After a three-year pilot program, SDOT has deployed its expanded 24/7 response team throughout Seattle in an effort to keep roadways clear and congestion down.
The SDOT Response Team (SRT) started out with two trucks working to respond to traffic collisions and roadway obstructions in the north and south portions of the city, evolving over time as the city eyes an upcoming “Period of Maximum Constraint.”
The full rollout increased the number of units to five and added staff, said SRT supervisor Patricia Westsik.
“It didn’t use to be a 24/7 program,” she said. “It is now a 24/7 program.”
Two units will be operating continuously in the north and south areas of the city, using data to determine where responses are most likely to be needed, Westsik said, such as north of the Battery Street tunnel and near the West Seattle Bridge.
The response team has responded to more than 4,000 incidents so far this year, said Rodney Maxie, SDOT interim deputy director of maintenance operations, and most of those were collisions. Thirteen percent of the responses were for stalled vehicles. Maxie added the team helped out more people who had run out of gas than the department had anticipated.
Westsik said SRT will handle everything from stalled vehicles to trees and other debris in roadways, and will also address potholes that could negatively impact traffic.
Seattle Fire Chief Harold Scoggins said he can see these units being useful in other situations, such as parades, marches and sporting events.
SDOT is using pink signs to differentiate road hazards from construction areas, which use orange signage, Westsik said. The SRT trucks also have dynamic message boards on top, allowing crews to customize what people see as they approach an affected area.
“If nobody’s hurt, we’re getting things out of the street,” said Mayor Jenny Durkan during an Oct. 24 news conference that coincided with the SRT launch.
Crews demonstrated during the conference how they can use GoJaks car dollies to lift up vehicles and push them to the side.
“We are going to be continuously rebuilding Seattle in the next several years,” Durkan said of upcoming transportation and large-scale construction projects in Seattle. “When this all comes, the traffic is going to be even worse than it is today, and it won’t be the mayor’s fault.”
The permanent closure of the State Route 99/Alaskan Way Viaduct is slated to occur on Jan. 11, and WSDOT expects it to take three weeks to realign the highway with the new SR 99 tunnel, which will be tolled starting later in 2019.
Construction of the Washington State Convention Center Addition, which will double space for WSCC, is also expected to take a major toll on traffic.
“I want you to know that this is going to be very, very challenging for a number of years,” Durkan said of the coined “Period of Maximum Constraint.”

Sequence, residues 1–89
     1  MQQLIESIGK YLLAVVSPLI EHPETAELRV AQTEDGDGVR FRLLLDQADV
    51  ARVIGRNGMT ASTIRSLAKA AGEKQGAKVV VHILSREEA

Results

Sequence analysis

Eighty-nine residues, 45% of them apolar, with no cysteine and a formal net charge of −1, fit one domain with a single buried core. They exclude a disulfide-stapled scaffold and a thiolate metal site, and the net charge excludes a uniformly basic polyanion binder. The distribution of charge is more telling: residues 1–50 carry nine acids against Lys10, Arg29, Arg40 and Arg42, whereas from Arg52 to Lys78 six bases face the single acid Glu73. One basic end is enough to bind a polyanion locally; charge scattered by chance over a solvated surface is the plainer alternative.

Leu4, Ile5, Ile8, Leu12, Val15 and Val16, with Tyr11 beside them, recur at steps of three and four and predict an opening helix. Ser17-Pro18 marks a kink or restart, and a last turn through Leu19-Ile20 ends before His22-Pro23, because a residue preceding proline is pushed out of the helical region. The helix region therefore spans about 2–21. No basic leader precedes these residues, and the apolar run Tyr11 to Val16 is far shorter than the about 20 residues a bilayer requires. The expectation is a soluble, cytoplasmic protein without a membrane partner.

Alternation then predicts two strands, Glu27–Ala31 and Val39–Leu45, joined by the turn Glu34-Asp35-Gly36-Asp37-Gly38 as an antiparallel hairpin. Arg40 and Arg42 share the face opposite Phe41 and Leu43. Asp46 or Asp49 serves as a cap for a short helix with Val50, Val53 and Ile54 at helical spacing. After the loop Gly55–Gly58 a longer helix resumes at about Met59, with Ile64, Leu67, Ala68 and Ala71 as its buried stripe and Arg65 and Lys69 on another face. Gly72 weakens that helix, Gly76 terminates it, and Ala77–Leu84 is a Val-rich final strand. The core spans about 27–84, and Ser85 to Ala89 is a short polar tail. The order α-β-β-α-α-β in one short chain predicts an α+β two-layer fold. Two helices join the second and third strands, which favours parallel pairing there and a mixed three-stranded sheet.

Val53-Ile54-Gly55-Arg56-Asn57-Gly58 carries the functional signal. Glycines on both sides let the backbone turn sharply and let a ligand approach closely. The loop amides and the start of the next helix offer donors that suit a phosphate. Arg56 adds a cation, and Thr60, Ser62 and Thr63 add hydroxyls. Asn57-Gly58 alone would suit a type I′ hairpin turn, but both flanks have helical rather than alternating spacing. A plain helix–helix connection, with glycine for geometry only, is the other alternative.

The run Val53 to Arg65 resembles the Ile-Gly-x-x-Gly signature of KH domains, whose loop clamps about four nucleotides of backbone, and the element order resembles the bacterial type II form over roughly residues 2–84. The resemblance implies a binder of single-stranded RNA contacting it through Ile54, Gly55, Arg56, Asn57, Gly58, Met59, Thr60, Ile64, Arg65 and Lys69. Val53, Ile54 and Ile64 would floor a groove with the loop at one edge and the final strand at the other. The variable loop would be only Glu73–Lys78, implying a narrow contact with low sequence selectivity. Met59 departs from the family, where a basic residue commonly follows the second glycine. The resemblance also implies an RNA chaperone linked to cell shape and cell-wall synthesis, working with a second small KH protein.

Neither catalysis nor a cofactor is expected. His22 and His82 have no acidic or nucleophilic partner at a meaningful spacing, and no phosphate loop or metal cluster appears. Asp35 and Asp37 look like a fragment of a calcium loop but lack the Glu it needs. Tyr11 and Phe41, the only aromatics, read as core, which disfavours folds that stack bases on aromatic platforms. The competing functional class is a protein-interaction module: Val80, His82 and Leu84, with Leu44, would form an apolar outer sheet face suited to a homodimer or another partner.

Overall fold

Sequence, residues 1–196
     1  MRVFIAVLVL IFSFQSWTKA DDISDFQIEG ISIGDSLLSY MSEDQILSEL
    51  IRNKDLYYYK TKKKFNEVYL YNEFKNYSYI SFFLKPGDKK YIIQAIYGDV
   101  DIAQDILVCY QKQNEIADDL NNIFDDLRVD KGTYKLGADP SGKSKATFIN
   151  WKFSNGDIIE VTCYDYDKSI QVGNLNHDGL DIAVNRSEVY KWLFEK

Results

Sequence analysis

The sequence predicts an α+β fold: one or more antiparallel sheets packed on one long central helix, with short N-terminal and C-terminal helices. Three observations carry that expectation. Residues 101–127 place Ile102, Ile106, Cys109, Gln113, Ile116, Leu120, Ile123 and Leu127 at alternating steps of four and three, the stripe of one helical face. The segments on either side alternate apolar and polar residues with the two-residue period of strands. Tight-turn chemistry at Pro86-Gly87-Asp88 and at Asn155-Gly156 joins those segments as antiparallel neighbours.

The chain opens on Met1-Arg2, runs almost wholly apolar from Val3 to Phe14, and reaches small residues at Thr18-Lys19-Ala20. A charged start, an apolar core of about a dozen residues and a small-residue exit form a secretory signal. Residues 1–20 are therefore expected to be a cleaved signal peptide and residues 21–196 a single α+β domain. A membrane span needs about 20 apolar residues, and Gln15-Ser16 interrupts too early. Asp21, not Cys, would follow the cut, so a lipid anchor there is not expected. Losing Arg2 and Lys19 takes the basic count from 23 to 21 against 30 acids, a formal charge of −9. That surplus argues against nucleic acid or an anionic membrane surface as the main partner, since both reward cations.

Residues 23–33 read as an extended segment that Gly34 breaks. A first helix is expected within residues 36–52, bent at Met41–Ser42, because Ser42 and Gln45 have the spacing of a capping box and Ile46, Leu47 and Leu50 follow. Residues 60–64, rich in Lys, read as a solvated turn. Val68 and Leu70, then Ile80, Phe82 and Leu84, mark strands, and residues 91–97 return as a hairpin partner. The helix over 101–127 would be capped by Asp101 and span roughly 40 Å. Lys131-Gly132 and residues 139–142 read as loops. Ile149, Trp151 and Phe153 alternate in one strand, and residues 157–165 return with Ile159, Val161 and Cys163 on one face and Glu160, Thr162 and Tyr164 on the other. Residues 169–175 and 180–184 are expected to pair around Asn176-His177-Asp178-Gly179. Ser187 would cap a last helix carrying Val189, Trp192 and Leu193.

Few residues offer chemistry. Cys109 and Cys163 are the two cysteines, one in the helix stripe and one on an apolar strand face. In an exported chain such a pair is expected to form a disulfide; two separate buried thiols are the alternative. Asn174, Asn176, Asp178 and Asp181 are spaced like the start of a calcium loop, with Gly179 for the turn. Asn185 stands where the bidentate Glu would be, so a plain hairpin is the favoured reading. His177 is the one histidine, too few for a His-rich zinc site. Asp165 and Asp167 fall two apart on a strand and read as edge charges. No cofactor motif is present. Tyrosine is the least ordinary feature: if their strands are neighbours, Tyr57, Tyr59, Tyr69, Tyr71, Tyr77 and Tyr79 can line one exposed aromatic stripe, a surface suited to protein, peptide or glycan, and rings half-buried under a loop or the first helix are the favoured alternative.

SDOT launched its 24/7 Transportation Operations Center on Oct. 10, which will provide real-time traffic information.
Durkan said the city plans to share its construction and traffic data with private partners like GPS navigation app developer Waze, to help people get around easier. She said real-time data can also be used to improve signal timing when necessary.
The Seattle City Council is currently hashing out next year’s budget, but Durkan said she’s looking at investing more in transit.
Following its 2017 dockless bike-share pilot program, the city plans to issue permits to four vendors for up to 20,000 bikes later this year. Durkan said new contracts have a provision that bike-share companies allocate bikes throughout the city and at all major transit hubs.
King County Metro launched its Ride2 shuttle to the Eastgate Park & Ride on Oct. 23, which is meant to provide a car-free connection to the transit hub.
“We will be expanding Ride2 in the city of Seattle,” Durkan said at the news conference — first in West Seattle and then in South Seattle.
The mayor said plans are also to expand the West Seattle Water Taxi service.
“We know we need to get as many people out of cars and into transit as we can,” Durkan said.
The city is working with Seattle’s major employers in Downtown ahead of that maximum constraint, Durkan said, encouraging those companies to allow for more flexible work schedules and telecommuting. Each employer will be provided a different reduction target for single-occupancy vehicular travel, the mayor said.
The City of Seattle will appeal to the state Legislature to approve its use of traffic cameras that can be used to catch and fine drivers blocking intersections — known as blocking the box — as officers pulling over vehicles to ticket them just causes more backup, Durkan said. She said she doesn’t think lawmakers will hold up the request, because they understand how important navigating Seattle is for commercial transit around the state.